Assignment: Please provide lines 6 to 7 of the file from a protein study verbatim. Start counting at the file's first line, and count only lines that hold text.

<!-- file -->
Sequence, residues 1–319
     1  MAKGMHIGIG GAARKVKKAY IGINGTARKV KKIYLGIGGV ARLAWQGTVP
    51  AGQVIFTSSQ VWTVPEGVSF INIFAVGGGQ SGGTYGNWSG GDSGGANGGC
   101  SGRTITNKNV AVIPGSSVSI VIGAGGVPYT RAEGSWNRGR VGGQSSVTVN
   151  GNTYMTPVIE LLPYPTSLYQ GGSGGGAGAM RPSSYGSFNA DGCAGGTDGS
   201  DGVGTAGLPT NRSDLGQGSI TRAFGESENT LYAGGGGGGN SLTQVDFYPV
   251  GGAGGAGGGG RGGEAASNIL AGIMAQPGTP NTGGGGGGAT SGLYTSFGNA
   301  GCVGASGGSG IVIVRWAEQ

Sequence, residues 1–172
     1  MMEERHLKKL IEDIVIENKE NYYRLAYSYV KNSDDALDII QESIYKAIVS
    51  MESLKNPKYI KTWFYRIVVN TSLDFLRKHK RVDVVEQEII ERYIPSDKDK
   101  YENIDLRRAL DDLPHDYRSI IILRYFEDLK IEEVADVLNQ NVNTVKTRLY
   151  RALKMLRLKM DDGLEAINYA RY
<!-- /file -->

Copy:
   201  DGVGTAGLPT NRSDLGQGSI TRAFGESENT LYAGGGGGGN SLTQVDFYPV
   251  GGAGGAGGGG RGGEAASNIL AGIMAQPGTP NTGGGGGGAT SGLYTSFGNA